Gérald Merceron kicked penalties either side of the half, racking up 16 points in all, and Betsen and Brusque added to their scores in the first half as France eventually clinched victory.
1998 – Wales 0 France 51
France contested their second consecutive Grand Slam with a superb whitewash against Wales at Wembley.
Tries from Fabien Galthié, Stéphane Glas, Thomas Lievremont and braces from Xavier Garbajosa and Jean-Luc Sadourny saw the Blues crowned in style to win back-to-back Grand Slams.
But it was Thomas Castaignède, in his bleached blond hair, who pulled the strings under the Wembley sun.
1997 – France 47 Scotland 20
France sealed their first Grand Slam in ten years by comfortably beating Scotland on the final day of the 1997 Championship in Paris.
The crucial match had come a fortnight earlier as France fought back 20-6 at Twickenham against England to win 23-30.
Christophe Lamaison scored a try, two conversions, two penalties and a lost goal to inspire France to a stunning comeback and keep the Grand Slam dream alive.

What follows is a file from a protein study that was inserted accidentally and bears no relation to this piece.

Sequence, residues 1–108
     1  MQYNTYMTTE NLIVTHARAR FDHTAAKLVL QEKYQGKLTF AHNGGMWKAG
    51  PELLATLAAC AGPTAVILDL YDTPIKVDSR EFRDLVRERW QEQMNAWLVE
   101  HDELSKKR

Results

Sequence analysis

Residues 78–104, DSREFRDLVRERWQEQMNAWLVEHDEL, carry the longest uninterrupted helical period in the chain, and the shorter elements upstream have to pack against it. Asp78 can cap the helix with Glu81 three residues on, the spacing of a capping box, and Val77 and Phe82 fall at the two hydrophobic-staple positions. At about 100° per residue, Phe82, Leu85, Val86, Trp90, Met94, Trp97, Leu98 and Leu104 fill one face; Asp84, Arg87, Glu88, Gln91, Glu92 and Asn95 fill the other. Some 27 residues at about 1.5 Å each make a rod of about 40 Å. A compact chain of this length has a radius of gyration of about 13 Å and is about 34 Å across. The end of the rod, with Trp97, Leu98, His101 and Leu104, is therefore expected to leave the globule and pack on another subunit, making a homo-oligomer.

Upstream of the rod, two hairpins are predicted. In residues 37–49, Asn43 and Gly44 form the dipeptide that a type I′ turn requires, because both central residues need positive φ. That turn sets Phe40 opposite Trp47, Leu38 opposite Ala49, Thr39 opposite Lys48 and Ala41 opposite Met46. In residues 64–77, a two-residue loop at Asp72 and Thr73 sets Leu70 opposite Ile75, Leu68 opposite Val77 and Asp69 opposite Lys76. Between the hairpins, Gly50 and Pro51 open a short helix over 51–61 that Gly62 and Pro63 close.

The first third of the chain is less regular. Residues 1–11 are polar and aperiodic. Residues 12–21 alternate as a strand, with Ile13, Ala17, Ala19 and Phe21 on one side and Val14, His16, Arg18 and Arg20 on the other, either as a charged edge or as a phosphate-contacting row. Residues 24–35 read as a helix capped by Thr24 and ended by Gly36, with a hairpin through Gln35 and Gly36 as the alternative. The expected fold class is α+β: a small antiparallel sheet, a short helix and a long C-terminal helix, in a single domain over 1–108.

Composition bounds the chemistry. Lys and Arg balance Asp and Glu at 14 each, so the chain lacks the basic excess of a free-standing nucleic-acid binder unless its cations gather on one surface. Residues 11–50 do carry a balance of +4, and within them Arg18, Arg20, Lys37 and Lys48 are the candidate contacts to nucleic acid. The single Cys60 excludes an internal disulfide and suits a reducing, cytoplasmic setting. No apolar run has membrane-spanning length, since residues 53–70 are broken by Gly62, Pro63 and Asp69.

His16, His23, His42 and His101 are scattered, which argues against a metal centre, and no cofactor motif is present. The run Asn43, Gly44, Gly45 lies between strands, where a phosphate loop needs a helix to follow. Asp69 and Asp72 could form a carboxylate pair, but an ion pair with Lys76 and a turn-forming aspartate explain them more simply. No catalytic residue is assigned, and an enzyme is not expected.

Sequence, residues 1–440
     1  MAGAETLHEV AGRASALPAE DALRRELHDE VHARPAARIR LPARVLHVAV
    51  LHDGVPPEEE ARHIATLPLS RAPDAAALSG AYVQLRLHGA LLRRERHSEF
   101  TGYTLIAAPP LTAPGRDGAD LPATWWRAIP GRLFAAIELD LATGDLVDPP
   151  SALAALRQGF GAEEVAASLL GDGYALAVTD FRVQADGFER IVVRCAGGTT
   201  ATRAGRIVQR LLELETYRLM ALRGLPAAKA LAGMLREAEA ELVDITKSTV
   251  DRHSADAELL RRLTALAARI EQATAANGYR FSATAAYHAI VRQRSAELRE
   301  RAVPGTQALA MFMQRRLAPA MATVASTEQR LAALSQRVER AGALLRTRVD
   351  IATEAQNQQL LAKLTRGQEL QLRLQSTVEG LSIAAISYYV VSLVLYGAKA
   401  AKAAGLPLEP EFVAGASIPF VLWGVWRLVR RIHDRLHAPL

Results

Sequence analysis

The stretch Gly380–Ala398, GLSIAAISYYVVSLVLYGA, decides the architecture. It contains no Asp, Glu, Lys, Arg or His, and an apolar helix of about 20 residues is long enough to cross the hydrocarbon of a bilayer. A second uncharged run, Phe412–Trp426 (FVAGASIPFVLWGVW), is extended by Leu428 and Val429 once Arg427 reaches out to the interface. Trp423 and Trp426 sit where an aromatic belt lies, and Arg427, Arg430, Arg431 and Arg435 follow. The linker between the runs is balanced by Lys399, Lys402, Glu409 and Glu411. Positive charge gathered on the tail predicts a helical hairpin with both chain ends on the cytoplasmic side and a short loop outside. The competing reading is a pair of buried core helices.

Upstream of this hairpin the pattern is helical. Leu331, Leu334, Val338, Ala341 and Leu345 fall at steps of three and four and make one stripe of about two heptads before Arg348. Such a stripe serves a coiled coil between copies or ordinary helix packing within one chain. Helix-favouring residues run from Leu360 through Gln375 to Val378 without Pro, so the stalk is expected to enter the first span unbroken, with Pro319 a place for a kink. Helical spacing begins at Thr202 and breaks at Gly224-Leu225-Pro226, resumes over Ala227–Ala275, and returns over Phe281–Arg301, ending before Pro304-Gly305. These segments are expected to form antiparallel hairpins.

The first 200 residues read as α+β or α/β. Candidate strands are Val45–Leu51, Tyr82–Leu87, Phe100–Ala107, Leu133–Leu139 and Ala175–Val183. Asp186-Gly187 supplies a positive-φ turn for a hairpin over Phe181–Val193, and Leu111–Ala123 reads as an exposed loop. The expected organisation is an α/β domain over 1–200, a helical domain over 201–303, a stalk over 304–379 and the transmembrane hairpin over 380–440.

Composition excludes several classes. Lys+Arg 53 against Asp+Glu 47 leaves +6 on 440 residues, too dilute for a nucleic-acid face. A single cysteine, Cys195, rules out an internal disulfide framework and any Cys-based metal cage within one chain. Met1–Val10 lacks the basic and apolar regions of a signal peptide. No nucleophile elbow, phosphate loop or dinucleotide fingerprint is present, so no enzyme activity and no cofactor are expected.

Those dreams then came true two weeks later as France went 47 points ahead of Scotland thanks to tries from Abdelatif Benazzi, Olivier Magne, Laurent Leflamand and Franck Tournaire.
1991 – England 21 France 19
Both teams entered the final round of matches, setting up a thrilling final where either team could walk away as Grand Slam champions at Twickenham.
England had come close to the title in previous years and eventually won the championship thanks to a try from Rory Underwood and the boots of Simon Hodgkinson and Rob Andrew.
The game also saw Twickenham’s try of the century, as Philippe Saint-André went under the posts to complete a superb French move that started on their own try line.
1987 – Ireland 13 France 19
France won their second Grand Slam of the decade with a win over Ireland at Lansdowne Road.
Ireland were still unbeaten at this point but still had one game to play against Wales, but were beaten by France thanks to two tries from Éric Champ and the boot from Phillipe Bérot, who would finish the championship as the top points scorer.
1984 – Scotland 21 France 12